Definitions:

Throughout the course of this proposal for pragmatic beliefs and essential principles, the following terms will defined as thus, and the use of these words will not be based off other value systems:

A State: 1: A mode of being ex: "A state of happiness". 2: A stage in the physical being of something ex: "A butterfly in the cocoon state", or "H20 in the liquid state". 3: A body of organized persons in a society ex: "The state of our community".

This argument may use the three preceding definitions of the word "state" interchangeably. It will Not be referring to the definition of the "state" as a political institution.

The Ideal State capitalized: A state in which all people are happy and their happiness can be sustained.

An ideal state: A mental construction of the desired state of affairs to be achieved.

The Current State capitalized: The world today.

A current state: The resources at hand before being transformed into the ideal state.

The Interim State capitalized: The world between the time all in a state begin acting toward the construction of The Ideal State, and the final construction of The Ideal State.

An interim state: The time during which resources are manipulated in the current state until an ideal state is realized.

Examples:

When building a house, there are the blueprints a construction of an ideal state, the resources at hand aka the current state the amount the concrete and wood, the number of workers, their food, and time to build, and an interim state the act of constructing the house.

When achieving The Ideal State, there is The Current State The plant Earth as of November 20, 2005 and before the essential principles are accepted, and then The Interim State the time between when essential principles are accepted and the time at which The Ideal State will be realized.

The Ideal State is likely to be further defined as a state in which:

The following must be absent: Flaws, war, and disease or thoughts capable of significantly impairing happiness. To be defined as The Ideal State, it is necessary, but not sufficient, for these to be absent.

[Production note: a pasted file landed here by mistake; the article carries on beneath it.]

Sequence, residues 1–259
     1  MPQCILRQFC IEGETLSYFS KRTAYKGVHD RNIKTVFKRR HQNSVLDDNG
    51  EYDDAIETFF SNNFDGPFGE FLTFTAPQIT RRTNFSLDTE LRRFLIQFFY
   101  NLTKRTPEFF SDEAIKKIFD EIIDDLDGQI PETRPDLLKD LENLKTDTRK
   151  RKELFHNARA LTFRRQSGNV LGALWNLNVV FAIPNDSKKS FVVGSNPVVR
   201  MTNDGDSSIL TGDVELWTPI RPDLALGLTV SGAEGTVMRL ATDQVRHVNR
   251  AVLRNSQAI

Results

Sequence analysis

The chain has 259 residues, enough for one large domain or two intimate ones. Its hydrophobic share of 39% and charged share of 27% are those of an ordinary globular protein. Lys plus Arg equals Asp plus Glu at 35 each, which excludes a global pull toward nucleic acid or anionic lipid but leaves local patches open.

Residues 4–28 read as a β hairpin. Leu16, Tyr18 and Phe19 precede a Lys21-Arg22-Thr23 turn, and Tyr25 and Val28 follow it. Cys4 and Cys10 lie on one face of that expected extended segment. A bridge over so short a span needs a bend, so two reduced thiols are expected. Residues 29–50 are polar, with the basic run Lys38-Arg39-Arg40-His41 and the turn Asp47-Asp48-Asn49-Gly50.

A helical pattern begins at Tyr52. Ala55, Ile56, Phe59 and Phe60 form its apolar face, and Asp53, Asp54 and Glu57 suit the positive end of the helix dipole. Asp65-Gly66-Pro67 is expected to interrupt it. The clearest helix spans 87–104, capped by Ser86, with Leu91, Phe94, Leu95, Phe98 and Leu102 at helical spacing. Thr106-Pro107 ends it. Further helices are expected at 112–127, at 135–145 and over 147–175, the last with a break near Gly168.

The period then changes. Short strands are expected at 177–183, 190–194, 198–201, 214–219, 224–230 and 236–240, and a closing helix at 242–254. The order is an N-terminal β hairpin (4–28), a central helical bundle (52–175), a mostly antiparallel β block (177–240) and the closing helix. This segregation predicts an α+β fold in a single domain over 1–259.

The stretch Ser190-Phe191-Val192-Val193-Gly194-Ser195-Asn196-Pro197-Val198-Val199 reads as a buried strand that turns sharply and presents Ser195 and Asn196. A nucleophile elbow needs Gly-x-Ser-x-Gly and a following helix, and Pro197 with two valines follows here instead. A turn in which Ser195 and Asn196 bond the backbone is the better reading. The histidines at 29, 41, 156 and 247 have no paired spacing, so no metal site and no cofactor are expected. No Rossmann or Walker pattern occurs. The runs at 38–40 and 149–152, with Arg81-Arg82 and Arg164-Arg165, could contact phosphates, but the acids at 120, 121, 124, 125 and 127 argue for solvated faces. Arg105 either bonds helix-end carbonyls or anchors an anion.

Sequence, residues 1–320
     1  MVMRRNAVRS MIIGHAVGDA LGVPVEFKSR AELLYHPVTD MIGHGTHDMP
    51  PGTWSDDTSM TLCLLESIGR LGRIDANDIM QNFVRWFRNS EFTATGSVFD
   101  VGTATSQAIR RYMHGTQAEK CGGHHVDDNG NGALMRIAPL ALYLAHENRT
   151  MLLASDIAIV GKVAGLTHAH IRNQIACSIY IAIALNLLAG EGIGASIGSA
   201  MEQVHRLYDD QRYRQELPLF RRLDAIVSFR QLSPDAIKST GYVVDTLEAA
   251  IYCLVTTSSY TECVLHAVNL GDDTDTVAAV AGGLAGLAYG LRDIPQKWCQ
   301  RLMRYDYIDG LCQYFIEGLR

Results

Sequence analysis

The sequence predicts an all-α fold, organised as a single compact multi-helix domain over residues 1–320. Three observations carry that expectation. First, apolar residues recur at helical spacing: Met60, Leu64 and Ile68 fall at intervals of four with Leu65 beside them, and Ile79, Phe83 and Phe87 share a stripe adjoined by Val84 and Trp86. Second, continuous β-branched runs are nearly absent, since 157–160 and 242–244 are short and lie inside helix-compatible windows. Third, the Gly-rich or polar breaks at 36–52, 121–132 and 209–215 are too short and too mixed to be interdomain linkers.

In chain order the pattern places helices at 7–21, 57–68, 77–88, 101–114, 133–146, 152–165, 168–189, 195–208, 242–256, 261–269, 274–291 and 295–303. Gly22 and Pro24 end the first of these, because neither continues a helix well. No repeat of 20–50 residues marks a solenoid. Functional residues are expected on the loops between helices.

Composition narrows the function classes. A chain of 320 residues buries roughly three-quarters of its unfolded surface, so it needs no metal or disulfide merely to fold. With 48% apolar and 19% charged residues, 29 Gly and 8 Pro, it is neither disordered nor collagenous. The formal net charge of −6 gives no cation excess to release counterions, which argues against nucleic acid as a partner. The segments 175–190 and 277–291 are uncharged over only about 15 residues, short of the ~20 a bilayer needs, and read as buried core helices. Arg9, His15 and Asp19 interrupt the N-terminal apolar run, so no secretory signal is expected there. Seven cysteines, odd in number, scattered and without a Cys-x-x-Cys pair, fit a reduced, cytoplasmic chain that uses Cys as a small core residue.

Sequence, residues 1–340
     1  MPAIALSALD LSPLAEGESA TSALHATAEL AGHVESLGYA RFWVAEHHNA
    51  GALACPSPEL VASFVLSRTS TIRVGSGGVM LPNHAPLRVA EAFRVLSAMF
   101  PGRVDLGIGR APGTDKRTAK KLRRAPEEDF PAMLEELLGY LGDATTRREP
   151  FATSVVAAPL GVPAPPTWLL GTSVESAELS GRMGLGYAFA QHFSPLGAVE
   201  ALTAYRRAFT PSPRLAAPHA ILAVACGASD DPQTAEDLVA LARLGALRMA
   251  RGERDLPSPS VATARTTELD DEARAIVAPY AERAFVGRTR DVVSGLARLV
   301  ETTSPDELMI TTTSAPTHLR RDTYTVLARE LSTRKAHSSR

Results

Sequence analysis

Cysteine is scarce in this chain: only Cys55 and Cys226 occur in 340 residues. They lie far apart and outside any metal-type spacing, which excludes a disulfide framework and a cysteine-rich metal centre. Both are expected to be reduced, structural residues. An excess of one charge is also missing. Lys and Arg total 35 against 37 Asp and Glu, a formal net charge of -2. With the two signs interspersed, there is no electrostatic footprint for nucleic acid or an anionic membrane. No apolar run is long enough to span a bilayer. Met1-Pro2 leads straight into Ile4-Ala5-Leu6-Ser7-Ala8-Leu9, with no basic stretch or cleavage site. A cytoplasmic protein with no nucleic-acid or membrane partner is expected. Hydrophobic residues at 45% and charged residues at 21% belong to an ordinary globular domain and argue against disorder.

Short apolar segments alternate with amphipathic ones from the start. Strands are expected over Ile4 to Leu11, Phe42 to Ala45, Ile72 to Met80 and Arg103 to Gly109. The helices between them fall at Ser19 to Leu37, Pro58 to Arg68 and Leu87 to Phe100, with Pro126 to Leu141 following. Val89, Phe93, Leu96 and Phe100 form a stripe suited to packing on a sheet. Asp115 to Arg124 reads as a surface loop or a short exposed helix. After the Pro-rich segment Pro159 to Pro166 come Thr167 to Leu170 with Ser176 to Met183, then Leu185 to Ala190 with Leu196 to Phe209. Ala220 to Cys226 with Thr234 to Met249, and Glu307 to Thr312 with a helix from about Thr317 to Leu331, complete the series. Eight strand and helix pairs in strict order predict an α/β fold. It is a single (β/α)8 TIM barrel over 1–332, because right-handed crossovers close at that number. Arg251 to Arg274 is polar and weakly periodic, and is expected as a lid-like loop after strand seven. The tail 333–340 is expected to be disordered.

The following must be present: Happiness, friendship, trust, healthiness, cleanliness, sufficient resources, and awareness among all as to their role and purpose. To be defined as The Ideal State, these traits are necessary and sufficient.

Happiness: A state of well-being and contentment or a pleasurable or satisfying experience.

Pragmatism: A belief including the doctrines that: The meaning of conceptions is to be sought in their practical bearings, that the function of thought is to guide action, and that truth is preeminently to be tested by the practical consequences of belief.

Utilitarianism: The doctrine that the useful is the good and that the determining consideration of right conduct should be the usefulness of its consequences; specifically a theory that the aim of action should be the largest possible balance of pleasure over pain or the greatest happiness of the greatest number.

Note: The preceding three definitions are copyright Merriam-Webster Online. Pragmatism was founded by C. S. Peirce and William James. Utilitarianism was primarily introduced by John Stuart Mill. The ideas expressed in this piece may at times employ arguments similar to those presented by those authors, but is not necessarily derived from them.

Belief: The conviction of the truth of a statement despite the incapacity to prove objectively the belief, and which may or may not correspond to reality.

Pragmatic Beliefs: Beliefs which, despite either being untrue or being not known objectively, nonetheless allow one to operate pragmatically.

Example:

Following the house analogy presented in the definitions of the different states:

When building a house in the course of an interim state, it would not be pragmatic to assume that a house is a naturally occurring phenomenon. Instead, it is pragmatic to believe that the house must be constructed by all individuals on the project this state. It would not be pragmatic to believe that the house is already completed that is, it is not pragmatic to believe the ideal state is already realized, or will come about on its own, since houses very rarely build themselves, nor would it be pragmatic to believe that not building the house is acceptable that is, the current state is not the ideal state, and is not acceptable, since when the next storm comes it is far better to have a roof to protect from rain, and walls to protect from the wind.

In this case, the pragmatic beliefs are: that the house can be completed even though there is no evidence that completing it is guaranteed, that the house will not naturally occur, and that the current state is not the ideal state.

The Good: Actions which pragmatically work toward an ideal state; in this case: increasing the quality and quantity of life.

The Evil: Actions which hinder the construction of an ideal state.

The Irrelevant: Actions or states which have no impact on the ideal state.

Principle: A code of conduct, comprehensive and fundamental law, or doctrine.